At the Emergency Equinox Blessing on Wall Street
September 23, 2008
I’d heard that Mama Donna, the Urban Shaman, was planning an “emergency Equinox Blessing” in front of the Stock Exchange at 11:44 Monday morning. I arrived on Wall Street at 11:37 a.m. to find a 63-year- old woman laden with necklaces and African bracelets conferring with security guards by the barricades. (The Stock Exchange has been closed to visitors since Sept. 11.) This must be the Urban Shaman herself!
“I cleared everything with them,” she reported back to her five supporters. “This won’t be another one of Mama Donna’s equinox arrest excursions.” She was making an in-joke about being arrested with 33 celebrants at South Beach in Staten Island in 1998.
But the autumnal equinox was approaching, so all seven of us stood in a circle holding hands. Then, one by one, each of us kissed the next person’s hand. “Oops! I kissed my own hand by mistake!” a blond woman admitted. We giggled. Shamanism is not High Church.
Mama Donna handed each of us a bundle of sage tied with white string, and a small pouch of glitter, which she described as “gold dust.” These were the tools of our ritual. A woman with a streak of pink in her blond hair lit our sage bundles using a barbecue lighter. We waved our burning sage at the citadel of capitalism, as Mama Donna chanted: “We’re blessing the stock market with cleansing, with balance. We want to cleanse the greed. We want to cleanse the manipulation. We want to cleanse the selfishness. We want to cleanse the market system so that real people can have homes, can have food, can have medical care. We offer purification of those who only think of the bottom line.”
“Cleansinnng!” all seven of us chanted.
My sage, I noticed, had stopped burning. The woman next to me helped me relight it.
Now we had reached the second part of our ceremony. Mama Donna lifted a pink spray bottle containing “healing waters” from sites around the world: the Ganges, the Zamzam well at Mecca, Lourdes, Sabana Grande in Puerto Rico, the Doon Well in Ireland, the well of the Oracle at Delphi, Miracle Lake in Florida—and more! “I offer you all blessing water!” she pronounced, spraying us.
“Blessing!” Mama Donna shouted, spritzing some Japanese tourists, who smiled. Clearly, the Three Stooges have slightly influenced her spiritual practice. In the last section of the ritual, each of us scattered “gold dust” in the direction of the Stock Exchange, with an invocation.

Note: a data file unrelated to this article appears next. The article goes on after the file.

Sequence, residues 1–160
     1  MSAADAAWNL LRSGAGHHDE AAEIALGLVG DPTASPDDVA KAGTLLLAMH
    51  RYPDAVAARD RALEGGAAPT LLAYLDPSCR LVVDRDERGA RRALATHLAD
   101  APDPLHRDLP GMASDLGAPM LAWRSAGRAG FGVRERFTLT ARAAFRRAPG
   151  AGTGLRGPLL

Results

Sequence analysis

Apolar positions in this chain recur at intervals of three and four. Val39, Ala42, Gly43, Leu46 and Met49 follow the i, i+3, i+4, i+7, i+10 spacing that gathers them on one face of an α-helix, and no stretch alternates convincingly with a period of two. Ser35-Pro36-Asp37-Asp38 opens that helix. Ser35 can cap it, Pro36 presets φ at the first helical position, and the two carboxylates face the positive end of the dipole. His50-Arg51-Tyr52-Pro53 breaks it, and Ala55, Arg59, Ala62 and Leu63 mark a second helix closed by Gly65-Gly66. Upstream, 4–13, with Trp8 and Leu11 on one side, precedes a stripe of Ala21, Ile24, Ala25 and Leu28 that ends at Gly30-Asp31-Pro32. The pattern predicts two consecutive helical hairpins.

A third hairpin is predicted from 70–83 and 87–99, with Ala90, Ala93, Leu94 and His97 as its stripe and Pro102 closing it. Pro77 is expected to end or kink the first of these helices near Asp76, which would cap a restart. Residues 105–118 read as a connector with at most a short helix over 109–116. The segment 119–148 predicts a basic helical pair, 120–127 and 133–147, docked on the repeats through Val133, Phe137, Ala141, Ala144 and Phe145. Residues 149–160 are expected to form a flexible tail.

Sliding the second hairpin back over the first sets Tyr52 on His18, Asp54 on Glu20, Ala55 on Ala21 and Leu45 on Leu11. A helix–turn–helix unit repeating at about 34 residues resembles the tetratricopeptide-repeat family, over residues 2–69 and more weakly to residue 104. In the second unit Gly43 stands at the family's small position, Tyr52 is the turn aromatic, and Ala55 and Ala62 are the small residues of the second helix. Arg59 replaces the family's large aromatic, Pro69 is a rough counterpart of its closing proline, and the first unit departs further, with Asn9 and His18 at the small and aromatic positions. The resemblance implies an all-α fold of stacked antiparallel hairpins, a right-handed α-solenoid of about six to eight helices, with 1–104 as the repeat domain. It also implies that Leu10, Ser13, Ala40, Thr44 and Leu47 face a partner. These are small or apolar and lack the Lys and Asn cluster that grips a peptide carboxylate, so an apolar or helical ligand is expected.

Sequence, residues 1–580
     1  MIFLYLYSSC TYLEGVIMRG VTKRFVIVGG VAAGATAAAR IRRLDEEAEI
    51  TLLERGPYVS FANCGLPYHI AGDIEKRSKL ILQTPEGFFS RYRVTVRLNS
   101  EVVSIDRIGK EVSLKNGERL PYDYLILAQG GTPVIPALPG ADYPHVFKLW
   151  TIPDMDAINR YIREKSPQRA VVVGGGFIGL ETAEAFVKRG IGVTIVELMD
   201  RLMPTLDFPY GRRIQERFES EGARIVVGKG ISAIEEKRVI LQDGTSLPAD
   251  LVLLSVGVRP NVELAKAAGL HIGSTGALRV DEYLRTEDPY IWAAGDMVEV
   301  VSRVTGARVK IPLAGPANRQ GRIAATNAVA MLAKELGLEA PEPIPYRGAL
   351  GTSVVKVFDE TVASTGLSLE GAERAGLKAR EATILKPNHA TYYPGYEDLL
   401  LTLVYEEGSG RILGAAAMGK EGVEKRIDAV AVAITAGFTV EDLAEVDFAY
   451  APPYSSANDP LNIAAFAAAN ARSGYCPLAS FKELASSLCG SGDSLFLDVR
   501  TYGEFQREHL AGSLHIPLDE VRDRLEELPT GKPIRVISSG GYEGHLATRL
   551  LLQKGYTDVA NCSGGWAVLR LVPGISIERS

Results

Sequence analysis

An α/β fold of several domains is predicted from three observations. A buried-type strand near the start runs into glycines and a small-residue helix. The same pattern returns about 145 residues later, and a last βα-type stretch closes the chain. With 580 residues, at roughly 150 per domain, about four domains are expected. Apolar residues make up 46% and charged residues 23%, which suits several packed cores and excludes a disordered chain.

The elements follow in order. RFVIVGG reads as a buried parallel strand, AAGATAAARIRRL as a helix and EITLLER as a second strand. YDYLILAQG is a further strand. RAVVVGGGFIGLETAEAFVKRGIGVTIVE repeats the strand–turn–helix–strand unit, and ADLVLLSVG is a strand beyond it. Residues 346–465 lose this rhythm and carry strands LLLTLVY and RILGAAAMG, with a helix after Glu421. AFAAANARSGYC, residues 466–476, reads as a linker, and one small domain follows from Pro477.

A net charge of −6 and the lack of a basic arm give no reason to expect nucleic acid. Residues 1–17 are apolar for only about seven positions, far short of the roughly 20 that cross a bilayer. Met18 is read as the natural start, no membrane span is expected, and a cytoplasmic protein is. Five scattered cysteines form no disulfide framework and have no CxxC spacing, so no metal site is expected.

“For power! This place really holds so much power!” exclaimed the pink-streak woman, sprinkling gold dust.
“For prosperity and peace!” shouted Cookie Pemberton, who had helped relight my sage.
“Salaam alaikum!” I cried, releasing a pinch of glitter. (I personally believe blessings should always be in a foreign language.)
“For balance! For balanced checking accounts!” Mama Donna intoned, releasing gold dust.
The blessing was over, so I interviewed my fellow ritualists. “We had plenty of sage, we had plenty of spirit, and you know, when the going gets tough, the tough start chanting!” Diane Fusco remarked. She reviews books for the online New Age Journal.
The next person I spoke to, Dalia Basiouny, handed me her card:
“Associate Radio Producer, Arabic Language Unit, United Nations Radio.” Do all shamanic healers also work as journalists?
“Do you think our blessing will change Wall Street?” I asked Mama Donna.
“Are the numbers going to go up? I don’t know,” she answered, smiling. “And I don’t really understand economics. But lately I’ve noticed a ‘spiritual catatonia.’ I mean, people are just frozen in terror. Not just about the stock market, either. About the war, about politics, about the environment, about everything! So that’s part of what I consider my job to be, to offer hope. You know, hope in us, hope in our heart, hope in our spirit.”
By the end of the day, the Dow Jones Industrial Average had dropped 372.75 points.